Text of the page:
[vc_row][vc_column][vc_column_text]I find that I have been writing short articles for Sussex Local’ for some 10 years… Doesn’t time fly! I recall that the first such article concerned cavity wall tie corrosion issues, so I thought it would be about time to revisit the topic.
In the Middle Ages walls were as often as not formed around a structural timber frame with infill panels constructed in either brick flint or other locally sourced materials. Until circa 1900 walls were of mainly solid construction and thereafter modern property was more normally constructed with cavity brick or block walls.[/vc_column_text][/vc_column][/vc_row][vc_row][vc_column width=”1/2″][vc_column_text]A cavity wall is constructed with two skins of brick or block work with a ‘cavity’ between them. This cavity serves to minimise the likelihood of water penetration through the wall, and adds to the insulation qualities of a building.[/vc_column_text][/vc_column][vc_column width=”1/2″][vc_single_image image=”1583″ img_size=”full” add_caption=”yes”][/vc_column][/vc_row][vc_row][vc_column][vc_column_text]One of the frequent problems associated with cavity walls is ‘wall tie failure’. Wall ties are the metal strips which adjoin the inner and outer skins of brickwork together. They commonly rust and disintegrate and can cause horizontal and diagonal fractures to occur in brickwork. Many of the properties I inspect are, or have been affected to some extent by this very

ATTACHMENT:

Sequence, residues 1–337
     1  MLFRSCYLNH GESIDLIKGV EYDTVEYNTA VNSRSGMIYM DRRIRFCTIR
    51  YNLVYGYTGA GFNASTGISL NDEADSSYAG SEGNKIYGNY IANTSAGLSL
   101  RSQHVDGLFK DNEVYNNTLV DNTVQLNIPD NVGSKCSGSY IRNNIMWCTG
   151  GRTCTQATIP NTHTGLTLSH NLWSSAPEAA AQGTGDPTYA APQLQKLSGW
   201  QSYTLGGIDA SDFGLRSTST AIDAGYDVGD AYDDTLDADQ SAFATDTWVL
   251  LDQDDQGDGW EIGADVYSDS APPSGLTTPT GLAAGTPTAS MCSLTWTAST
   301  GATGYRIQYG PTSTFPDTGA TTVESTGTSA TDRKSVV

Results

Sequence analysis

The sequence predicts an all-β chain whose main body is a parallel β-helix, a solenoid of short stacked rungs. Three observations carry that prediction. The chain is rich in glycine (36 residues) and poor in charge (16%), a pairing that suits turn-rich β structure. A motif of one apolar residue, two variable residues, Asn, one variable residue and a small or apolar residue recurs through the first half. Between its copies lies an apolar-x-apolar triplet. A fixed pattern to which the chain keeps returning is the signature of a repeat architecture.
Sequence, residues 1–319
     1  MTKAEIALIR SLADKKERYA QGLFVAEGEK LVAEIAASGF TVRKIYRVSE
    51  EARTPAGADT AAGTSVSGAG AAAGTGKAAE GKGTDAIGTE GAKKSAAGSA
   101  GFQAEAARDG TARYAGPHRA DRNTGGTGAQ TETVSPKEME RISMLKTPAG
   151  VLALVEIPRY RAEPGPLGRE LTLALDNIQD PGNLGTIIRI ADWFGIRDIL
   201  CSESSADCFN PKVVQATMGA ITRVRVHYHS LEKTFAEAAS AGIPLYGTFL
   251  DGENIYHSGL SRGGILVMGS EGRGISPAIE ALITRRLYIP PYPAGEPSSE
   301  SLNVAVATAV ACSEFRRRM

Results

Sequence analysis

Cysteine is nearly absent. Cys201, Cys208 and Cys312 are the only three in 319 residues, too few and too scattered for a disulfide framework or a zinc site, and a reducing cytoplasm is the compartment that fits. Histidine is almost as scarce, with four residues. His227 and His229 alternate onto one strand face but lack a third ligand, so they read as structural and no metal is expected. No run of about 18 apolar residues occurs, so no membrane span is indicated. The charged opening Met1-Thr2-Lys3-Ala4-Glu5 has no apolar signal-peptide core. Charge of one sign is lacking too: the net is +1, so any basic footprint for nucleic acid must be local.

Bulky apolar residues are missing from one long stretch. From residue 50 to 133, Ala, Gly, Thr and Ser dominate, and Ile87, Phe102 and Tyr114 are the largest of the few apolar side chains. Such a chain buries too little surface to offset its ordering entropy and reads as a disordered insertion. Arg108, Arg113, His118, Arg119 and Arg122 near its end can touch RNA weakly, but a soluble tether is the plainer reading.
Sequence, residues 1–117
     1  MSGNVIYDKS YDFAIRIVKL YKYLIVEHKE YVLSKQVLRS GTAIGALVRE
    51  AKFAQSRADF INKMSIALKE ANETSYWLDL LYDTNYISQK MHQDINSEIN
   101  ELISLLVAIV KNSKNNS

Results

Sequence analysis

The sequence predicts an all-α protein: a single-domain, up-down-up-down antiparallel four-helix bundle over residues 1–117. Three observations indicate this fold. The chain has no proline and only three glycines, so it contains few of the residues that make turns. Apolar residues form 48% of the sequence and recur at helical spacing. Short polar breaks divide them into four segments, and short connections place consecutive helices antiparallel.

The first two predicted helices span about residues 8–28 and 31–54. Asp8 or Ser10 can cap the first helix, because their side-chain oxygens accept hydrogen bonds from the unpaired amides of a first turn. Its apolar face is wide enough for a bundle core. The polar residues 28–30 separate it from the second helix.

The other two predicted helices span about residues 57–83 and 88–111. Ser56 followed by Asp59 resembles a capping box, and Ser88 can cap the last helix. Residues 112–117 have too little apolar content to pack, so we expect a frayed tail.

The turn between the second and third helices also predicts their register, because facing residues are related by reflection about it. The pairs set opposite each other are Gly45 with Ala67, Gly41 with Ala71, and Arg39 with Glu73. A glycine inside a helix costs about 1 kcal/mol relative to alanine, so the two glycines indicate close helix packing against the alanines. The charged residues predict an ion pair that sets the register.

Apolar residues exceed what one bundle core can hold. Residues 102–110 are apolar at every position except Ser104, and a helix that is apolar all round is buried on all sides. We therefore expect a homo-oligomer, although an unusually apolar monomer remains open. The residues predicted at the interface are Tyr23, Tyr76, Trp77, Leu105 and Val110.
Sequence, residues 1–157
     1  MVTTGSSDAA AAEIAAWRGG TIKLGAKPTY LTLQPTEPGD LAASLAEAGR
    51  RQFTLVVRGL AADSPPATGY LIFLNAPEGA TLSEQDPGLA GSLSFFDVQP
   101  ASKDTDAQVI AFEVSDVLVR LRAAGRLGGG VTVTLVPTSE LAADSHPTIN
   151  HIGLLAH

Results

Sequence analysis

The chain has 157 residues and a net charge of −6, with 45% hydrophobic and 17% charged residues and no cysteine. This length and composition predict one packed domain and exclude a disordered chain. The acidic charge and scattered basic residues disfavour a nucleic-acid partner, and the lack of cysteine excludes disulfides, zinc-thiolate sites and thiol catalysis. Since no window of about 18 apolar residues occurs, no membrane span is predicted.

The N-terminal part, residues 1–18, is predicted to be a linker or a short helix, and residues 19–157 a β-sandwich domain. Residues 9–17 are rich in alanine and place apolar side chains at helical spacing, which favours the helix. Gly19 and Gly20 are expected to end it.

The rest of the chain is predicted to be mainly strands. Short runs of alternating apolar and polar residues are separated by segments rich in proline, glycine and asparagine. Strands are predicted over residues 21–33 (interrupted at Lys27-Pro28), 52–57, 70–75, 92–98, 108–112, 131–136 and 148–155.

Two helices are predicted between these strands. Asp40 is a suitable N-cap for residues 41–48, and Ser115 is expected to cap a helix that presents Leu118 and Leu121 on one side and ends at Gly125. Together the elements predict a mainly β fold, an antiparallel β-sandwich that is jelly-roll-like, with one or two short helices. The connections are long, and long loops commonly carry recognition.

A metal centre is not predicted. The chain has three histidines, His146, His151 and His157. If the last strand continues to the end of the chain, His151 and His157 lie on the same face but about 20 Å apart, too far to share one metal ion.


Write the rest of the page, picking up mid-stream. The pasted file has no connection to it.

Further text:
There are many forms of wall tie… Early designs may have been constructed in cast iron, but more modern equivalents include twisted wire, galvanised metal and more latterly, stainless steel. I recall that on one occasion during a demolition we came across a ‘tie’ that was formed using a sardine can opening key…probably laid by a brick layer having just finished his lunch.
When the wall ties rust, they expand in size and cause the characteristic horizontal and diagonal cracking clearly seen on many 1920/1930 properties. In extreme cases the cracking can elevate the walls and roofs to produce what we call the ‘pagoda’ effect which is visible on the gable ends of affected walls. There have been instances in Worthing, where walls have been unstable to the point of imminent collapse.
If you live in a property with cavity walls, examine the external surfaces on the south and west elevations…. If you notice cracking, call me and I can put you in touch with a local contractor who can solve the problem.[/vc_column_text][/vc_column][/vc_row][vc_row][vc_column][vc_column_text]Chris Ennis FRICS is a Chartered Surveyor Tel: 01903 261217 email: firstname.lastname@example.org www.propdoctor.co.uk[/vc_column_text][/vc_column][/vc_row]